Composite fin materials comparisons.
We often get asked why carbon fibre outperforms other materials used in making fin blades. To demonstrate the difference in stiffness of various materials and combinations of each we fabricated 5 test strips with equal weights of each material. The photo here shows what each strip is made from. Each strip had an equal amount of weight suspended from it and the picture tells the story.
Test strip 1. 100% Carbon Fibre produces the least deflection proving the high strength and stiffnes of this material making it ideal for performance freediving fin blades that are not subject to a high degree of abrasion or abuse around rocks etc. The high strength and stiffness of this material means less has to be used to create a very light and responsive fin blade. This in turn makes the blade more likely to be damaged due to thin laminates produced.
Test strip 2. Carbon Fibre outer layers with Kevlar between. This produces slightly more deflection but still performs very well. Bend stress loads are carried in the outside skins of the strip so in this case the Carbon Fibre is doing most of the work while the Kevlar core is subject to mostly shear stress. A combination of Carbon and Glass Fibre works very well when layered this way also.
Test strip 3. Carbon/Kevlar Hybrid fabric has 50% of each fibre woven together to form an even amount of each material. You can see from the photo that this is not an efficient way to combine these materials when compared to test strip 2 which has the same amount of each material combined in a different way. These fabrics are generally used to gain an "averaged" use of the properties of both materials and do not exhibit "ideal" use of either Carbon or Kevlar Fibres. The Kevlar fibres in these fabrics can also be pigmented red or blue.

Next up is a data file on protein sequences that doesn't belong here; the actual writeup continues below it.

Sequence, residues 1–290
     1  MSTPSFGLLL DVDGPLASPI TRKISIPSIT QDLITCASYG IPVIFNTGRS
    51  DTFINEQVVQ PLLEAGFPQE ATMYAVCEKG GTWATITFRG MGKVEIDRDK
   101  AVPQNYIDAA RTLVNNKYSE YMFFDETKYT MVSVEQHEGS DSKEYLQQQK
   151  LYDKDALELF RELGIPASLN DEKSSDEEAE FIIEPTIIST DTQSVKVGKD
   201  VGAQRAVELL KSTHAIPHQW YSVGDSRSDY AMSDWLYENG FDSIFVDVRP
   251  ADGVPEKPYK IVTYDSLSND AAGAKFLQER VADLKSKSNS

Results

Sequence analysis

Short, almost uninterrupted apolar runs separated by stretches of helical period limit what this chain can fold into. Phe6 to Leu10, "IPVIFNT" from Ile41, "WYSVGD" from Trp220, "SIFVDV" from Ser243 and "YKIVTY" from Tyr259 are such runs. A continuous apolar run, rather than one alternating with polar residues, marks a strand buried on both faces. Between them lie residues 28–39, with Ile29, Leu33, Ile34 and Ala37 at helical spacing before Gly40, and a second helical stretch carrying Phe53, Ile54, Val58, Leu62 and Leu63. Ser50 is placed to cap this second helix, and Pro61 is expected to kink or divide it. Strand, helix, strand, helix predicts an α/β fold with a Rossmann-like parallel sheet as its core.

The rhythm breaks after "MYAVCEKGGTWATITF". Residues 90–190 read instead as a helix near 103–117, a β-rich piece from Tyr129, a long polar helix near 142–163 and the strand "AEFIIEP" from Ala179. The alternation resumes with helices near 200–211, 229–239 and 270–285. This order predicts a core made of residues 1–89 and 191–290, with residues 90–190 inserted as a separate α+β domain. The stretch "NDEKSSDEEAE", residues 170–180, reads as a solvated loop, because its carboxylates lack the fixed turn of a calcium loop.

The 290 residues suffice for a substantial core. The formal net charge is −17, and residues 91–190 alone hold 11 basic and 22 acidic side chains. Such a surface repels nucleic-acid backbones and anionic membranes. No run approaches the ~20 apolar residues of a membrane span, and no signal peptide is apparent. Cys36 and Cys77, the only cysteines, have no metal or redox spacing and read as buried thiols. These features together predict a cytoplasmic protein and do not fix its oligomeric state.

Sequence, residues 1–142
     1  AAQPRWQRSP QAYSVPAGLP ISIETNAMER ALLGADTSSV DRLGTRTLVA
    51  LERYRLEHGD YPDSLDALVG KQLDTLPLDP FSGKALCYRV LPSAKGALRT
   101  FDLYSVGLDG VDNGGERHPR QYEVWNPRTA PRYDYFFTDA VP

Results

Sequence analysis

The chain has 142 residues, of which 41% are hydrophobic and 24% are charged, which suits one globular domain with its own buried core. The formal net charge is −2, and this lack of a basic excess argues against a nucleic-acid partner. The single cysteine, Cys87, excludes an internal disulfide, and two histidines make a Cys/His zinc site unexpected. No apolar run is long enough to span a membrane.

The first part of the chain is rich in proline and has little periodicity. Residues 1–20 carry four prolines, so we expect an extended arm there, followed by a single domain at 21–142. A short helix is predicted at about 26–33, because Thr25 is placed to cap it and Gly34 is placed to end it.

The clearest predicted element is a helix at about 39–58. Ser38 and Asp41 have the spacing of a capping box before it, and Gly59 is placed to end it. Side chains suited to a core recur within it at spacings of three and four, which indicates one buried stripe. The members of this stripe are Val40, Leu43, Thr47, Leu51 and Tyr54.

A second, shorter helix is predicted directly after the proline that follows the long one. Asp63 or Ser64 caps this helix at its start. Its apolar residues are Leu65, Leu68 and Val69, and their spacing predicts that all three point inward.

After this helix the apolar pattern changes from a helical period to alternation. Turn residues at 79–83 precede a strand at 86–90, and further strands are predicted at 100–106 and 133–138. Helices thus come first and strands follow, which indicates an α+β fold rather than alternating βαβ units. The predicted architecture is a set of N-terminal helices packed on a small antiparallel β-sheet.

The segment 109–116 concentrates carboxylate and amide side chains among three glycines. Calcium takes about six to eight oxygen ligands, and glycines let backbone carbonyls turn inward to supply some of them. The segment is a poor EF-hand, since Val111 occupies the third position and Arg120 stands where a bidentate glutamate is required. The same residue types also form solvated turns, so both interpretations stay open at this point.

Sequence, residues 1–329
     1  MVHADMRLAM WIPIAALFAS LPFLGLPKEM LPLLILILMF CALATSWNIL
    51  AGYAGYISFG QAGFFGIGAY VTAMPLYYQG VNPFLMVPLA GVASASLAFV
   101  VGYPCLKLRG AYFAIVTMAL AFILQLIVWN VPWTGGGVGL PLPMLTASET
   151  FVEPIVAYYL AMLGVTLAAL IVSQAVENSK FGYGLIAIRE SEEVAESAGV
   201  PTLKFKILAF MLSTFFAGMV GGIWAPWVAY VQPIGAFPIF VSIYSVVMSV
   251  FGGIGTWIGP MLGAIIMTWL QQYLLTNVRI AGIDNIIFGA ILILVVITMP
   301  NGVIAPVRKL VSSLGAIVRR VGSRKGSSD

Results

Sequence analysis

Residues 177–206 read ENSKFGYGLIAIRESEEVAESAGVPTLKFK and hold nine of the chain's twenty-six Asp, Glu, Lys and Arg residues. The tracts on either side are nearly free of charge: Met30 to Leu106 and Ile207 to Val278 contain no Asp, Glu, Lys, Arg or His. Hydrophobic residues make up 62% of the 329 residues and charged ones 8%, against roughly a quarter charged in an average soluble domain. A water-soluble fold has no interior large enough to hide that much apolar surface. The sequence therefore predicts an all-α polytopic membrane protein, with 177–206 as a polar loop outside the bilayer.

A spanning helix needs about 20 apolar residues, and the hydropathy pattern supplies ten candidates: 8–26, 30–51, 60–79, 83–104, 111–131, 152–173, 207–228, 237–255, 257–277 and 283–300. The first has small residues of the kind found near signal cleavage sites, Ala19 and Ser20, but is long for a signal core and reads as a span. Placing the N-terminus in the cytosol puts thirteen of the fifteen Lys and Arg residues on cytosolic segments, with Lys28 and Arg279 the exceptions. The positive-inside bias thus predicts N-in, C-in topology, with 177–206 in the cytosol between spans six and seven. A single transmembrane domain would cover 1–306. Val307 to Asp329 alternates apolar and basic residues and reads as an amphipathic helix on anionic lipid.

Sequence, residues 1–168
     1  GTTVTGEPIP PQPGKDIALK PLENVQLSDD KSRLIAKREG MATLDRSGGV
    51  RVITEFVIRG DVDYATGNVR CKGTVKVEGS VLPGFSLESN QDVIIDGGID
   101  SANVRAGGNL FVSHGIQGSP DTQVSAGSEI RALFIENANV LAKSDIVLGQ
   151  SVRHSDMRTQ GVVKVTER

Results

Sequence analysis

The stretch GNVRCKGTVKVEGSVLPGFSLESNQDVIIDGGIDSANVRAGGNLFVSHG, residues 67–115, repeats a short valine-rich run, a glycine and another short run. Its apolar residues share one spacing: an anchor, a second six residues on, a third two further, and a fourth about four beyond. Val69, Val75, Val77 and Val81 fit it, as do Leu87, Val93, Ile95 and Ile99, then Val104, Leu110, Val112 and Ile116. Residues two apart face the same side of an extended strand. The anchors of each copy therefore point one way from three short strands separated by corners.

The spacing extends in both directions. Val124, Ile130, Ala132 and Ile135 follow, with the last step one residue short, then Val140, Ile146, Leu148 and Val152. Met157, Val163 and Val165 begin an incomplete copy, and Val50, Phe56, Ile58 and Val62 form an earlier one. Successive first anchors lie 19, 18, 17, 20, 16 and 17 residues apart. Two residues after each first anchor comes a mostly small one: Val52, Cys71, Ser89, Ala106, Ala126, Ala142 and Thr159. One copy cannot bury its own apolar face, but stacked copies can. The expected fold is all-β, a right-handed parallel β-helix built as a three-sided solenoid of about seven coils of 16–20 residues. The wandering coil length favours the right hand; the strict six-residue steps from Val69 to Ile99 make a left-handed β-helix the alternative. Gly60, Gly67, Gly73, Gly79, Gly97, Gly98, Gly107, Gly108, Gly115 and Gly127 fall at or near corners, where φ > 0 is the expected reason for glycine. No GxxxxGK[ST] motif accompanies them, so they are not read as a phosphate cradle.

Test strip 4. 100% Kevlar deflects vastly more than the laminates containing Carbon Fibre demonstrating the much lower stiffness of this material when compared to Carbon. An advantage of Kevlar is its inherent abrasion resistance and it deflect further before failing than Carbon Fibres. These properties make it an ideal material for a fin subject to abuse during rock hopping in rough water. The high cost of the Kevlar and cost of processing it however make it hard to justify choosing this material for a pair of "rock bashing" blades.
Test strip 5. 100% Fibre Glass clearly deflects the most of all materials tested. This is no surprise given it is a much lower cost material than the others. Fibre Glass will deflect greatly before failing. This combined with its low cost make it the ideal material for rock hopping or "hard duty" diving.
There are many more variables to consider when assessing composite materials for fin blades such as resin used, impregnation process used and curing cycles all of which we will look at in future articles.
If anyone wishes to discuss which material is best for your particular style of diving please contacts us we are very happy to discuss any of this with you,